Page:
What derailed unemployment insurance commission?

Billions for short-term fix, but long-term problems remain

BILLIONS OF DOLLARS are going to be pumped into the state’s unemployment insurance trust fund, but there is no guarantee the money will solve the fund’s problems.

A special legislative commission set up to find solutions to the long-term problems that have plagued the fund was unable to come to any consensus last week, which means the same issues that undermined the fund during the pandemic are likely to recur at some point down the road. 

“Since we haven’t fixed anything, there’s no reason to think we’re going to have a different outcome. The economics and the politics suggest we’re going to end up in the same place, which is to say we’ll be underfunding moving forward because we weren’t able to agree on changes,” said Evan Horowitz, executive director of the Center for State Policy Analysis at Tufts University and a member of the unemployment insurance commission. 

As Horowitz explained on The Codcast, the unemployment insurance trust fund was a New Deal initiative to provide some level of financial support for people who lose their jobs through no fault of their own. 

The financial support is funded through assessments on businesses. Businesses say the assessments are taxes on them, but Horowitz says most economists believe workers actually foot the bill because companies account for the assessments by paying their workers slightly less.

The key to a sound unemployment insurance system is to set aside money from employers in good times so it can be spent in times of high unemployment. Horowitz said the system is designed to address any looming shortfalls automatically, by raising assessments on businesses if the balance in the fund dips too low. 

“For 15 years, it never happened. The trust fund was low but legislators stepped in to say, ‘You know what, let’s not raises taxes, now’s not a great time to raise taxes,’” Horowitz said. “They just never did it.”

There’s also a technical problem with the way money is collected. Horowitz said businesses pay assessments on only the first $15,000 of an employee’s salary, not the full paycheck. That means as salaries rise, and unemployment benefits rise in concert, the assessments remain static, so the gap between collections and payouts widens.

The commission was set up to recommend solutions for these and other problems to the Legislature. But after 11 meetings over the course of a year, the commission couldn’t muster the necessary two-thirds support for any major solutions. 

The short-term fix is fairly simple – the state directed $500 million in federal COVID relief money into the trust fund along with $2.6 billion in bond money, with businesses paying the interest on the bonds.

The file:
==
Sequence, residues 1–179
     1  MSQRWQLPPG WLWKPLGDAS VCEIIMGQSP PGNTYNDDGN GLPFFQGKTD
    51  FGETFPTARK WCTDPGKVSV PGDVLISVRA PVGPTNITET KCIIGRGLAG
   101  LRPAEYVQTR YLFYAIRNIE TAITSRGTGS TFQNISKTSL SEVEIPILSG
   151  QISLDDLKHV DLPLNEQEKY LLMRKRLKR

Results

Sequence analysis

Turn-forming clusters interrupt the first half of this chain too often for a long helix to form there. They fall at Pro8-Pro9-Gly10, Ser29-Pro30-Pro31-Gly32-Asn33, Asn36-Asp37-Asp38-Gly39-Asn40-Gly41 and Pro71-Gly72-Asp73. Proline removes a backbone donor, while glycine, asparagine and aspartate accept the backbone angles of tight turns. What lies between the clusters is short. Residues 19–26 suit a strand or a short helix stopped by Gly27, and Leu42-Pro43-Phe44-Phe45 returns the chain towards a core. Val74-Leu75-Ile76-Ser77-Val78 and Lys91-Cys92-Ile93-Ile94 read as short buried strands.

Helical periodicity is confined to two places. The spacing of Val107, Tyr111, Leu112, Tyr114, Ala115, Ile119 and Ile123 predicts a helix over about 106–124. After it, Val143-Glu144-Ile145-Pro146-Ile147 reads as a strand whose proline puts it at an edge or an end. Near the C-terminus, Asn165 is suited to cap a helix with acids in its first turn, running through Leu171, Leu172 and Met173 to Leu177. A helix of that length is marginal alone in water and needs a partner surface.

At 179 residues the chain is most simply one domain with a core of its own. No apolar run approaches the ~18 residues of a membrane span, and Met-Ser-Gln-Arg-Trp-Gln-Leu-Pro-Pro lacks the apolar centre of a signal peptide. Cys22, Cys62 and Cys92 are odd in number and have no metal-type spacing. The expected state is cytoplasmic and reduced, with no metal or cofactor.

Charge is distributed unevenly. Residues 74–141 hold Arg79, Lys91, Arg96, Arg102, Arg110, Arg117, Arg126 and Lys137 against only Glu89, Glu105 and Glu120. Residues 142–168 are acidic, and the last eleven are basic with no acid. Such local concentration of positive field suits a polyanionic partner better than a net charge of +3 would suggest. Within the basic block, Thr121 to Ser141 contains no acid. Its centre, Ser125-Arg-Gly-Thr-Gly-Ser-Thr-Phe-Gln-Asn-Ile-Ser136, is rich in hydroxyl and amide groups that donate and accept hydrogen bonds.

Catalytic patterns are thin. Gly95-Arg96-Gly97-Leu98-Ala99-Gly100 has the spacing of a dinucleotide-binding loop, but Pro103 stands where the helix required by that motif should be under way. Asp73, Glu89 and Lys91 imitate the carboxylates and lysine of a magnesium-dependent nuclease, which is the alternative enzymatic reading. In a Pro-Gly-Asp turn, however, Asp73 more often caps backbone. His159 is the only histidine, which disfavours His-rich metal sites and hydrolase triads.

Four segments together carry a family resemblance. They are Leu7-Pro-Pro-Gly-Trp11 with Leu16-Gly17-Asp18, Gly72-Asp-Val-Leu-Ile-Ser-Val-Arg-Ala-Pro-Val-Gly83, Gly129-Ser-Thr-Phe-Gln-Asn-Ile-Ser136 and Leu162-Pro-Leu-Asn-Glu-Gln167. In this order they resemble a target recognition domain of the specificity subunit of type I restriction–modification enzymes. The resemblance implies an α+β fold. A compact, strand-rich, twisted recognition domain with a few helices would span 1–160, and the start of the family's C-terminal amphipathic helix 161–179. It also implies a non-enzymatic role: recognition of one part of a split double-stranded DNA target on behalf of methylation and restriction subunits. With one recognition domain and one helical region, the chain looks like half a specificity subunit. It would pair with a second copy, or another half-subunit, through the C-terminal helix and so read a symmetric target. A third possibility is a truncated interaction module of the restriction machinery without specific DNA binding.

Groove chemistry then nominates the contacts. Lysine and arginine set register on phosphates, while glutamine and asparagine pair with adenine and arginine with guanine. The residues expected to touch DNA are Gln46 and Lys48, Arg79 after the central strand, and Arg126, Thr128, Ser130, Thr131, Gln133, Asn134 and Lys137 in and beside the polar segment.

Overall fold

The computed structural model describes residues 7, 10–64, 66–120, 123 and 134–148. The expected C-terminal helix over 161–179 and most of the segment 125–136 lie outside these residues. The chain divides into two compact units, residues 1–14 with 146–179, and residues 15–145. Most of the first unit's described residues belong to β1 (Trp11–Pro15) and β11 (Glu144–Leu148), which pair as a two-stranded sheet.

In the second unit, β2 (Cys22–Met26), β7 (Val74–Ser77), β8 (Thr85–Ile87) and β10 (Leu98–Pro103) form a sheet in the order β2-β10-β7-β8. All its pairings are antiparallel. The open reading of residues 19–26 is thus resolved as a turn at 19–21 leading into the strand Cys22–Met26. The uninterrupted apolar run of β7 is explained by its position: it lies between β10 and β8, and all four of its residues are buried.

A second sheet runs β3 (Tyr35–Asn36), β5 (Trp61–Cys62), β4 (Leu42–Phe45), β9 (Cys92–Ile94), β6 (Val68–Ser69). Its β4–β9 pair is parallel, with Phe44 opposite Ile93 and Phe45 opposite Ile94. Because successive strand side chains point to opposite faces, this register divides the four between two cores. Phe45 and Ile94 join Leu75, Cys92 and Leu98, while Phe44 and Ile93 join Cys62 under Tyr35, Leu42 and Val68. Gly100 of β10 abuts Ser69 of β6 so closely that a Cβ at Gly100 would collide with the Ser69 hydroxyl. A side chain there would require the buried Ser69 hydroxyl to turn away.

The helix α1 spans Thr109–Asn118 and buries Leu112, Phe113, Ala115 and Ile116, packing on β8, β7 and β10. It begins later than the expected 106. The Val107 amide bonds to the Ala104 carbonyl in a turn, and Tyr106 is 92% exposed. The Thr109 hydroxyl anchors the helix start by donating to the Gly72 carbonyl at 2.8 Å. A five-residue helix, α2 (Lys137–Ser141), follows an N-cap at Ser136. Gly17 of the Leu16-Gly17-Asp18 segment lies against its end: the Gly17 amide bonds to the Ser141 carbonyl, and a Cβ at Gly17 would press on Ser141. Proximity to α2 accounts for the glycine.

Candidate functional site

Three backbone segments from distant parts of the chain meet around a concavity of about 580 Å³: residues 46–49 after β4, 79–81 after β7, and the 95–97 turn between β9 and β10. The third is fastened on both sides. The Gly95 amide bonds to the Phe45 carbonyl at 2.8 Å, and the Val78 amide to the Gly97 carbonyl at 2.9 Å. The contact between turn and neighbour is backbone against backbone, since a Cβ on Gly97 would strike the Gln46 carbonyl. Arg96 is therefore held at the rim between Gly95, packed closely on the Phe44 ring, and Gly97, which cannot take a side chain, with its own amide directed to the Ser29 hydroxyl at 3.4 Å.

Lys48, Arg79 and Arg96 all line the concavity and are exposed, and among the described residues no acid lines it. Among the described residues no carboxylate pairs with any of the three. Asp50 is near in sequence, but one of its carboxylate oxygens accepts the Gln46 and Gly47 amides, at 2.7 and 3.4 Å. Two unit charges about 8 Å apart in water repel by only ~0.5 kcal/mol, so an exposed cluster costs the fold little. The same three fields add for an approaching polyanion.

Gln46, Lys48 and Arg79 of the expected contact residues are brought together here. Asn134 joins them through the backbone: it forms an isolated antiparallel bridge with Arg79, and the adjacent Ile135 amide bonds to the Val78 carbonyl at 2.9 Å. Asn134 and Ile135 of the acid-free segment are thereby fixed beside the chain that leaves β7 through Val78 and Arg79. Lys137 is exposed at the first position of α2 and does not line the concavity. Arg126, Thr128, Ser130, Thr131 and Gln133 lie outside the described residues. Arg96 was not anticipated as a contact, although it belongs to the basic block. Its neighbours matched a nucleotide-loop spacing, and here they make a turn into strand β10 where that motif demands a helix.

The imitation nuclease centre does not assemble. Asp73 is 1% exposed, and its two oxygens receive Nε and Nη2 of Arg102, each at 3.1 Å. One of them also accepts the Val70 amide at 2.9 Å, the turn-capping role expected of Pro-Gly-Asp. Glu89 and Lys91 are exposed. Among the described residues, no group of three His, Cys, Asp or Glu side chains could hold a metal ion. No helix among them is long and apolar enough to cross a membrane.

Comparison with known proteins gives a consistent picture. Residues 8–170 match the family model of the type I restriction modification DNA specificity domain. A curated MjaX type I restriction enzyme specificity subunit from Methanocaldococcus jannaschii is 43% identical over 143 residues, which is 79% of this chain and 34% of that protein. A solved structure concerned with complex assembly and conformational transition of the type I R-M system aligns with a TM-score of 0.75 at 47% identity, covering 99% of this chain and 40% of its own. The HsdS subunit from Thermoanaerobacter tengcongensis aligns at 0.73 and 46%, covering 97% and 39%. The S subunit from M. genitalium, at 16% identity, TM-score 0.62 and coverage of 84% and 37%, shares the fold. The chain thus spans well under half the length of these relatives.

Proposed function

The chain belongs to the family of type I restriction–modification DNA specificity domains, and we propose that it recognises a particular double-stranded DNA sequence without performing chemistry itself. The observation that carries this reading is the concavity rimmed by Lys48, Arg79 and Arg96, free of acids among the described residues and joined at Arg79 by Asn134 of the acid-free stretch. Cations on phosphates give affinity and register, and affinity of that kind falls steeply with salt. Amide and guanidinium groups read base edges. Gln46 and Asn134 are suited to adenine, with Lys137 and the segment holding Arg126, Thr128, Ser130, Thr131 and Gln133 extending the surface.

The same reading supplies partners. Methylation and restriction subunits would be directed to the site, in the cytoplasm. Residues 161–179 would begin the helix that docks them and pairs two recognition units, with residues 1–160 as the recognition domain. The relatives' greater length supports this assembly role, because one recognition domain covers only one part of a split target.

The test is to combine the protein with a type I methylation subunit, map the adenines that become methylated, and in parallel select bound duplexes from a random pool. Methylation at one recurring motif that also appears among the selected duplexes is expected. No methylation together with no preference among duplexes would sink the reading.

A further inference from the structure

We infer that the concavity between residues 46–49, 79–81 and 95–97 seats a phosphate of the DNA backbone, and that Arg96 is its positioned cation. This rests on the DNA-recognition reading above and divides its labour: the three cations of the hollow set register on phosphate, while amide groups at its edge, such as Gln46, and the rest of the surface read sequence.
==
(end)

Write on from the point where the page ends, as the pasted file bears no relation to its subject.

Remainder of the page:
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Bruce Mohl

Editor, CommonWealth

About Bruce Mohl

Bruce Mohl is the editor of CommonWealth magazine. Bruce came to CommonWealth from the Boston Globe, where he spent nearly 30 years in a wide variety of positions covering business and politics. He covered the Massachusetts State House and served as the Globe’s State House bureau chief in the late 1980s. He also reported for the Globe’s Spotlight Team, winning a Loeb award in 1992 for coverage of conflicts of interest in the state’s pension system. He served as the Globe’s political editor in 1994 and went on to cover consumer issues for the newspaper. At CommonWealth, Bruce helped launch the magazine’s website and has written about a wide range of issues with a special focus on politics, tax policy, energy, and gambling. Bruce is a graduate of Ohio Wesleyan University and the Fletcher School of Law and Diplomacy at Tufts University. He lives in Dorchester.

About Bruce Mohl

Bruce Mohl is the editor of CommonWealth magazine. Bruce came to CommonWealth from the Boston Globe, where he spent nearly 30 years in a wide variety of positions covering business and politics. He covered the Massachusetts State House and served as the Globe’s State House bureau chief in the late 1980s. He also reported for the Globe’s Spotlight Team, winning a Loeb award in 1992 for coverage of conflicts of interest in the state’s pension system. He served as the Globe’s political editor in 1994 and went on to cover consumer issues for the newspaper. At CommonWealth, Bruce helped launch the magazine’s website and has written about a wide range of issues with a special focus on politics, tax policy, energy, and gambling. Bruce is a graduate of Ohio Wesleyan University and the Fletcher School of Law and Diplomacy at Tufts University. He lives in Dorchester.

But none of the major underlying problems facing the trust fund are fixed, according to Horowitz. He said the failure to address those problems probably was unavoidable, given the fairly even split between business and union members on the commission. 

He said most of the commission members echoed the views of their constituencies and the inability to meet in private because of the state’s Open Meeting Law meant the members never could compromise.

“We really weren’t that far apart, but we couldn’t do that,” said Horowitz. “People are in character and they’re caught up in shorter-term things and everything happens publicly and this makes horse-trading impossible.”